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Rotary District Governor Visits McKenzie Club

McKENZIE (November 5) — Jerome Bannister, District 6760 Rotary Governor, made his official visit to the McKenzie Rotary Club Tuesday. Bannister, a member of the Franklin Breakfast Club, encouraged the Rotarians to live up to this year’s Rotary International theme of Rotary: Making a Difference.
Bannister explained that being part of Rotary is not necessarily about whom a person is but more about what the individual does as a Rotarian. Rotary is going through changes; new clubs are sprouting up with new ideas. The newer clubs are meeting less often and in a more social evening setting. Evening clubs are attracting younger members which present rejuvenation to Rotary.
Attracting new members and increasing membership is a challenge faced by all Rotary Clubs. Bannister stated it is necessary to think outside of the box when attracting members. The possibility of a graduated dues system can attract younger members, and inviting prospective members to help with a service project may be more enticing to an individual rather than sitting through a regular meeting.
In the role of district governor, Bannister explained the goals set before each club by Rotary International and District 6760. This includes club giving to the Rotary Foundation, produce one member to the Paul Harris Society (pledging $1,000 a year to the Foundation), each Rotarian planting a tree in regards to environmental conservation, and 75% clubs of District 6760 achieving a Presidential Citation from Rotarian International.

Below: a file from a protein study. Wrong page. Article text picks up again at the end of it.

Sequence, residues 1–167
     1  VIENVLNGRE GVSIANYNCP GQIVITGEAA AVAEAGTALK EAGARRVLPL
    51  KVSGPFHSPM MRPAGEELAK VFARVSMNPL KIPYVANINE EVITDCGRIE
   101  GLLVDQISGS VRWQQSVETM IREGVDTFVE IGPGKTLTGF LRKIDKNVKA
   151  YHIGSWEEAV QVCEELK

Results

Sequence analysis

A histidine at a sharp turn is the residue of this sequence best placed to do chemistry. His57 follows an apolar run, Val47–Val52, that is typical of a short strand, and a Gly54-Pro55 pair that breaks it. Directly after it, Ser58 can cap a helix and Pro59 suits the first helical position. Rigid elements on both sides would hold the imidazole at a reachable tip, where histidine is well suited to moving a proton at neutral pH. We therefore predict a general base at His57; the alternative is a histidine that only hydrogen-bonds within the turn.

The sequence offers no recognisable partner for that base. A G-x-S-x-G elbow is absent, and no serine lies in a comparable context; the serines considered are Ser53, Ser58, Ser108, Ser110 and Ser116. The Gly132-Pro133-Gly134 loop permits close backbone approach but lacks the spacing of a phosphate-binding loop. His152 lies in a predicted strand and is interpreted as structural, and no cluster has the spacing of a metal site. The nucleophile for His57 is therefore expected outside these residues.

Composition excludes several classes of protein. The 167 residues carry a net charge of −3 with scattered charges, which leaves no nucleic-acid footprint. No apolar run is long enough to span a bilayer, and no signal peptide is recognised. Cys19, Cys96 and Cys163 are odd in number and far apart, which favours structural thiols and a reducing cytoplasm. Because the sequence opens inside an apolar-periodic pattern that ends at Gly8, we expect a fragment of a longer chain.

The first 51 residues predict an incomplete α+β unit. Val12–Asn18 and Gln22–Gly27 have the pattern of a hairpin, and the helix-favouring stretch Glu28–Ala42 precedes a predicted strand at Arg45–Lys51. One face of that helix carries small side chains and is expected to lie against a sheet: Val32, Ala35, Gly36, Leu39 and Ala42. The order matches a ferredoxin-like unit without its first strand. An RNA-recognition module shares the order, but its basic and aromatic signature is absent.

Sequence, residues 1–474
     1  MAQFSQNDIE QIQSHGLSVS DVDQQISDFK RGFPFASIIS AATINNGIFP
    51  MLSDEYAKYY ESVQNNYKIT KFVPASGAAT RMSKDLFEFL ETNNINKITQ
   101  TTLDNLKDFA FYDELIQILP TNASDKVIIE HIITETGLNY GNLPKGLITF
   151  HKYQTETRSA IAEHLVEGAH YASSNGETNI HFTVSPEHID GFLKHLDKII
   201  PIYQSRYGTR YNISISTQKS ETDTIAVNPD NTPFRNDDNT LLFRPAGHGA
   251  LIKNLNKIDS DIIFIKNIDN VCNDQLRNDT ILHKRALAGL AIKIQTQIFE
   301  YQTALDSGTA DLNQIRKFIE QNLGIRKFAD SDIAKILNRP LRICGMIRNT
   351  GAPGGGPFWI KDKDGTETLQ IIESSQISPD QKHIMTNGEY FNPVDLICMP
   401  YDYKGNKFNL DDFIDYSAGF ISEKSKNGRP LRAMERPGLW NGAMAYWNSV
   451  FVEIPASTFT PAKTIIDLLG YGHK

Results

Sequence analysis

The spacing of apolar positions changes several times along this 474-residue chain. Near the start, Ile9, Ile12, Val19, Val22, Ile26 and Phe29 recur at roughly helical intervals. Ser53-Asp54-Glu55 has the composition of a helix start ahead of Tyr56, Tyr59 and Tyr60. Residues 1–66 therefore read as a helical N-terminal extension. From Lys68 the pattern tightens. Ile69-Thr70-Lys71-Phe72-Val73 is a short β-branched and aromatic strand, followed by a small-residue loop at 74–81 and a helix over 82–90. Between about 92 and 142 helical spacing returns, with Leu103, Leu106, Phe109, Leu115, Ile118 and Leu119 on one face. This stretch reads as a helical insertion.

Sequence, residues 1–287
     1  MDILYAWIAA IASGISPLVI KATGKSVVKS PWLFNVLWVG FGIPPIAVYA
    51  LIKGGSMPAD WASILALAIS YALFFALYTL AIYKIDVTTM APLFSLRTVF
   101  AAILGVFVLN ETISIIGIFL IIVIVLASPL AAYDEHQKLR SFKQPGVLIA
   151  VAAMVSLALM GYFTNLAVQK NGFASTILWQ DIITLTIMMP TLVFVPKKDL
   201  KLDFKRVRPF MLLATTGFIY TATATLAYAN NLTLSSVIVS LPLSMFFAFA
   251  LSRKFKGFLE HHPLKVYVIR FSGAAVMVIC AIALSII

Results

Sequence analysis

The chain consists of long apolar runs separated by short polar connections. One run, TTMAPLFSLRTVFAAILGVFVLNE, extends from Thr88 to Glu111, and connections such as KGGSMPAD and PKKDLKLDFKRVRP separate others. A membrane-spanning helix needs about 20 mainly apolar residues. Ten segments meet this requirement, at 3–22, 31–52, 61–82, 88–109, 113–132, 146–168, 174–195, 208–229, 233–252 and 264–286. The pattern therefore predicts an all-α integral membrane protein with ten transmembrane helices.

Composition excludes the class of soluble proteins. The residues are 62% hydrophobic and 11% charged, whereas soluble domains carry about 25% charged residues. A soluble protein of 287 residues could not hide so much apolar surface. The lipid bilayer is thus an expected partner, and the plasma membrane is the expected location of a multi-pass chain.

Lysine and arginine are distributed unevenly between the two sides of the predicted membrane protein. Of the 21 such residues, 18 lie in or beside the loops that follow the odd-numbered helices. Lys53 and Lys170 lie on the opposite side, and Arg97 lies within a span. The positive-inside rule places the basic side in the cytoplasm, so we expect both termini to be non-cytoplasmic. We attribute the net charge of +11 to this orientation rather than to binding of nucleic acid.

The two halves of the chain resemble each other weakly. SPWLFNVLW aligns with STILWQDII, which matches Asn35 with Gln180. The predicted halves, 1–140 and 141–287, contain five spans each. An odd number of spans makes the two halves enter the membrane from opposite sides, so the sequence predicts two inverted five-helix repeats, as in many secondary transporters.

During his presentation, Bannister presented Gleason Rotary President and Assistant Governor Designate Jason Martin with a certificate and pin representing his recent accomplishment as a Paul Harris Fellow. Martin also serves on the McKenzie City Council representing Ward II.
For three decades, Rotary has led the charge in the eradication of polio. When Rotary International began its work, there were 40 documented cases an hour. Twenty years later, it was down to 40 cases a year. With over $1.6 billion raised in the eradication effects, 12 cases have been documented in 2017 and are centralized in Afghanistan and Pakistan.
In hopes of putting an end to polio, Rotary International committed to raising $50 million per year over the next three years, with every dollar to be matched with two additional dollars from the Gates Foundation. The commitment from the Bill and Melinda Gates Foundation totals $450 million for polio eradication activities, including immunization and surveillance over the next three years.
Bannister informed club members of the benevolence of the Rotary Foundation. Money given to the Foundation goes to activities like the eradication of polio, global grants and district grants at the local level. Due to Rotary International’s low operating costs, every dollar donated to the Foundation goes towards Rotary projects.
Bannister concluded the meeting with his personal anecdote on joining Rotary. Although a Rotarian since 1999, joining Rotary almost never happened. He had asked acquaintances about Rotary and learned of the groups deeds, but was never asked to join.
His wife, Candida approached her boss about Jerome joining his Rotary club, and the journey began but was nearly short lived. Although a member of a club, he did not feel a part of the group. On the verge of leaving, he was approached by the club president in helping on a committee.
From there Bannister became a Paul Harris Fellow and later society member, club president in 2007, assistant governor in 2009, and district governor in 2017. Bannister closed with people join Rotary for various reasons but it is important to make the Rotarian feel as though he or she belongs.

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